13 Nights | Imperial Jewels of China (river)
About Wuhan, China
You will visit the following 5 places:
Chongqing, formerly known as Chungking, is a major city in southwestern mainland China and one of the five national central cities. Administratively, it is one of the People's Republic of China's four direct-controlled municipalities (the other three are Beijing, Shanghai and Tianjin), and the only such municipality in western China. The municipality was created on 14 March 1997, succeeding the sub-provincial city administration that was part of Sichuan Province. In 2007, the municipality of Chongqing had a population of 31.4 million. It has jurisdiction over 19 districts, 17 counties, and four autonomous counties. With an area of 82,300 km² (31,800 mi²), it is the largest direct-controlled municipality, larger even than one province and an autonomous region, as well as Taiwan. It is possibly the world's largest municipality by population and one of the largest by area.
Wuhan is the capital of Hubei province, People's Republic of China, and is the most populous city in central China. It lies at the east of Jianghan Plain, and the intersection of the middle reaches of the Yangtze and Han River. Arising out of the conglomeration of three boroughs, Wuchang, Hankou, and Hanyang, Wuhan is known as "the nine provinces' leading thoroughfare"; it is a major transportation hub, with dozens of railways, roads and expressways passing through the city. The city of Wuhan, first termed as such in 1927, has a population of approximately 9,100,000 people (2006), with about 6,100,000 residents in its urban area. In the 1920s, Wuhan was the capital of a leftist Kuomintang (KMT) government led by Wang Jingwei in opposition to Chiang Kai-shek, now Wuhan is recognized as the political, economic, financial, cultural, educational and transportation center of central China.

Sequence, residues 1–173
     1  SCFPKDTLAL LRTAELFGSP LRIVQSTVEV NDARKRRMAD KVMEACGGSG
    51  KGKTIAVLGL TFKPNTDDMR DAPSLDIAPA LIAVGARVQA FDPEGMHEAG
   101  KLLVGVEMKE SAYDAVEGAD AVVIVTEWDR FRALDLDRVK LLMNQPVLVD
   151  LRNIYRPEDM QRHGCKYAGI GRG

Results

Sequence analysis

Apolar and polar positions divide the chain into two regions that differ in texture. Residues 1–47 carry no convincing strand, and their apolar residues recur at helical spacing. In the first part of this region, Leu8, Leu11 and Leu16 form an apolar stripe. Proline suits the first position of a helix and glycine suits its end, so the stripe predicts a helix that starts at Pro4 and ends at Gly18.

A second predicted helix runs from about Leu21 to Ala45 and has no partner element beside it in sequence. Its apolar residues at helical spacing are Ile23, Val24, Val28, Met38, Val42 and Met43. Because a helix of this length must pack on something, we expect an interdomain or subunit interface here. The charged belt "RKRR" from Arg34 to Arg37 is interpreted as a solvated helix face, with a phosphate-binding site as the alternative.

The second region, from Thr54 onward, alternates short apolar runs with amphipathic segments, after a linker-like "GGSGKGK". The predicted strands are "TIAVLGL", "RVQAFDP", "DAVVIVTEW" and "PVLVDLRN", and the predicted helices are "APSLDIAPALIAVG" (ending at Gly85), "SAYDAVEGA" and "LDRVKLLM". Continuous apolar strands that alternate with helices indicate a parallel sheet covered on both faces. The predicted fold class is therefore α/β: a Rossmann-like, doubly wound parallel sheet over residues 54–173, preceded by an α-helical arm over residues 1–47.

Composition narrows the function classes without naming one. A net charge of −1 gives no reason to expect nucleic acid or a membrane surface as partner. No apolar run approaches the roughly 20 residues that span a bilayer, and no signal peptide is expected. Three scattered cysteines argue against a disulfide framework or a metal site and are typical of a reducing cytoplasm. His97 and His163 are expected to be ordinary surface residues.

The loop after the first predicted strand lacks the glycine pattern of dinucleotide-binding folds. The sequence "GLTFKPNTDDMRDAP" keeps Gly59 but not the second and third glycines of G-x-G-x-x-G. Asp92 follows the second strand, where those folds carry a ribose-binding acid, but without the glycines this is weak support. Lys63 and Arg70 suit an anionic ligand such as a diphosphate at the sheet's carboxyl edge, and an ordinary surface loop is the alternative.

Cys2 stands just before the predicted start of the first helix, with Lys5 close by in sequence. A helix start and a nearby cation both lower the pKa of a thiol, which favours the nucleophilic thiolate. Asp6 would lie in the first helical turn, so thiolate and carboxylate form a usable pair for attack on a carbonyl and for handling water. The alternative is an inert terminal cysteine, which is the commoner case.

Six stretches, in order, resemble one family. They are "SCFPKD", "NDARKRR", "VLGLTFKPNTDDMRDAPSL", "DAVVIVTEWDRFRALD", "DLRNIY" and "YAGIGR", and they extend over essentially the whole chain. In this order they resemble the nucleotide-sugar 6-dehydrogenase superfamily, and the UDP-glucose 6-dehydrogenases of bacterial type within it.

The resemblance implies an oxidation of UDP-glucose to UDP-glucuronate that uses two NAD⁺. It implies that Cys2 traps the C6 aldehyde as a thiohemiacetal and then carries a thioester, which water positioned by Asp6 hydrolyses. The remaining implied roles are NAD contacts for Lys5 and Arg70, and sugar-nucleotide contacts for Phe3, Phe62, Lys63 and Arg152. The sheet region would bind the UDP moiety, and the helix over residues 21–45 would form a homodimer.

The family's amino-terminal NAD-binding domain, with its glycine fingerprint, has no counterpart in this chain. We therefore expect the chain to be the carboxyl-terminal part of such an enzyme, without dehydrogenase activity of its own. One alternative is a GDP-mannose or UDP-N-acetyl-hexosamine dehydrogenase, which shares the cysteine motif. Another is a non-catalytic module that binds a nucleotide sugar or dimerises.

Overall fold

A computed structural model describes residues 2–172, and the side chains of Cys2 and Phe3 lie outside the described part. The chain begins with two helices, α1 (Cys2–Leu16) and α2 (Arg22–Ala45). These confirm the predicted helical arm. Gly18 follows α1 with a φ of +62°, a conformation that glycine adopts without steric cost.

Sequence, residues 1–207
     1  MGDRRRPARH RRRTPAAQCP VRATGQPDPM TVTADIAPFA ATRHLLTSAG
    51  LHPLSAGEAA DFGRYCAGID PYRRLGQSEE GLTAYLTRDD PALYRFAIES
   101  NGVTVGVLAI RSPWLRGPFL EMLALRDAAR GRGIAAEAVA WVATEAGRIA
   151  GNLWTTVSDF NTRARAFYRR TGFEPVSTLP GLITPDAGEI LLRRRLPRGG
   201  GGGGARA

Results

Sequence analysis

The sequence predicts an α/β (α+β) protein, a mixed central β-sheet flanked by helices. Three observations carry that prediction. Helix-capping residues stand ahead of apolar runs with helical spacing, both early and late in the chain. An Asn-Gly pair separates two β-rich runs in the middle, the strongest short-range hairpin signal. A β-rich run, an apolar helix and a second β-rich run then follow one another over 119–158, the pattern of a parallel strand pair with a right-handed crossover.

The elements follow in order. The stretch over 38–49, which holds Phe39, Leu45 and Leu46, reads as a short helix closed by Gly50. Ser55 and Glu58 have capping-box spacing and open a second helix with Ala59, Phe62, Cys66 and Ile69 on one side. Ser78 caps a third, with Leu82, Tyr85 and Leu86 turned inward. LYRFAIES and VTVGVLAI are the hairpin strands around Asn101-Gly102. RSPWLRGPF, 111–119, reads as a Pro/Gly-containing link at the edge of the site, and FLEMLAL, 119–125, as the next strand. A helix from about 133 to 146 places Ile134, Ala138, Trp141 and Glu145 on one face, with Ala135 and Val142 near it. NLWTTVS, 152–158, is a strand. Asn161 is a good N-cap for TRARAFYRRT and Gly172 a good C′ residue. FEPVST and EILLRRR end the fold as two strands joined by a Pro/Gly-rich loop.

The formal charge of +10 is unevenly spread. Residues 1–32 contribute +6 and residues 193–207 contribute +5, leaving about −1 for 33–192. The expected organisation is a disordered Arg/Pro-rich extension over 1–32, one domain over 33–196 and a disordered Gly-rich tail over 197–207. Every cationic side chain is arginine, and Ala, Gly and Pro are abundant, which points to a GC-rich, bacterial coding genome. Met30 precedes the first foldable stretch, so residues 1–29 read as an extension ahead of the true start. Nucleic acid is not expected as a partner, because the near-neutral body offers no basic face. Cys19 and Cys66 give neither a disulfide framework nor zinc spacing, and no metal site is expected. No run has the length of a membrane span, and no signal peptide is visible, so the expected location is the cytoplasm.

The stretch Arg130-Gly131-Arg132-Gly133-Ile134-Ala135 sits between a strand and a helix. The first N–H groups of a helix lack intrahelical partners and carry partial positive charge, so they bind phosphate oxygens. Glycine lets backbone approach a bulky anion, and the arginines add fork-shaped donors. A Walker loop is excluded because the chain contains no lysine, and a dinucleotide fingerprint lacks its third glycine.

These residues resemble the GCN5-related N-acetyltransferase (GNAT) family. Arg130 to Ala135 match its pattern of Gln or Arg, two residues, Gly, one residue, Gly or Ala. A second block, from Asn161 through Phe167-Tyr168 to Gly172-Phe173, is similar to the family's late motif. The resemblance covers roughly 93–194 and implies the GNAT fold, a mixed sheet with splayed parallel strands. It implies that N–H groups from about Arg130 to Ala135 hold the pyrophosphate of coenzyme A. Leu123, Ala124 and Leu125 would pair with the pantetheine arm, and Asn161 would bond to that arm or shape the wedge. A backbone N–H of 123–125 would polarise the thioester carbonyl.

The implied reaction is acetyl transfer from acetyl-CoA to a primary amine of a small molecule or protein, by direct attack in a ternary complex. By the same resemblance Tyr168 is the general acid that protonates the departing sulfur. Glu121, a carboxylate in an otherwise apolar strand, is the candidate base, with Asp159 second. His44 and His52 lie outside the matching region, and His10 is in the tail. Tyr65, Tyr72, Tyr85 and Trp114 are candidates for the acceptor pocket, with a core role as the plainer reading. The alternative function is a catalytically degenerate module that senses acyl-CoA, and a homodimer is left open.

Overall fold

China (officially the People's Republic of China (PRC) – an ancient, mysterious and beautiful land, is always appealing to adventurous foreign visitors. The first thing that strikes visitors to the country is the extraordinary density of its population. In much of China, villages, towns and cities seem to sprawl endlessly into one another along the grey arteries of busy expressways. The main tourist highlights – the Great Wall, the Forbidden City, the Terracotta Army and the Yangzi gorges, are relatively few considering the vast size of the country, and much of China’s historic architecture has been deliberately destroyed in the rush to modernize.